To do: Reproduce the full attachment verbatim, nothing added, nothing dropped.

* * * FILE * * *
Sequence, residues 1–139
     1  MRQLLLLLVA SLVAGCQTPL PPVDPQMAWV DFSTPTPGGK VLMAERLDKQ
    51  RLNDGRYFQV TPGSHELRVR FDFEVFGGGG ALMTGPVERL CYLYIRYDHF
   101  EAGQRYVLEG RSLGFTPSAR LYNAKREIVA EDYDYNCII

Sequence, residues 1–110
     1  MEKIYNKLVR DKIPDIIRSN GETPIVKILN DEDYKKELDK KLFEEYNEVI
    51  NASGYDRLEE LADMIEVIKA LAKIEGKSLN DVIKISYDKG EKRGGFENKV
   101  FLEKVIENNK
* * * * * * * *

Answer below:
Sequence, residues 1–139
     1  MRQLLLLLVA SLVAGCQTPL PPVDPQMAWV DFSTPTPGGK VLMAERLDKQ
    51  RLNDGRYFQV TPGSHELRVR FDFEVFGGGG ALMTGPVERL CYLYIRYDHF
   101  EAGQRYVLEG RSLGFTPSAR LYNAKREIVA EDYDYNCII

Sequence, residues 1–110
     1  MEKIYNKLVR DKIPDIIRSN GETPIVKILN DEDYKKELDK KLFEEYNEVI
    51  NASGYDRLEE LADMIEVIKA LAKIEGKSLN DVIKISYDKG EKRGGFENKV
   101  FLEKVIENNK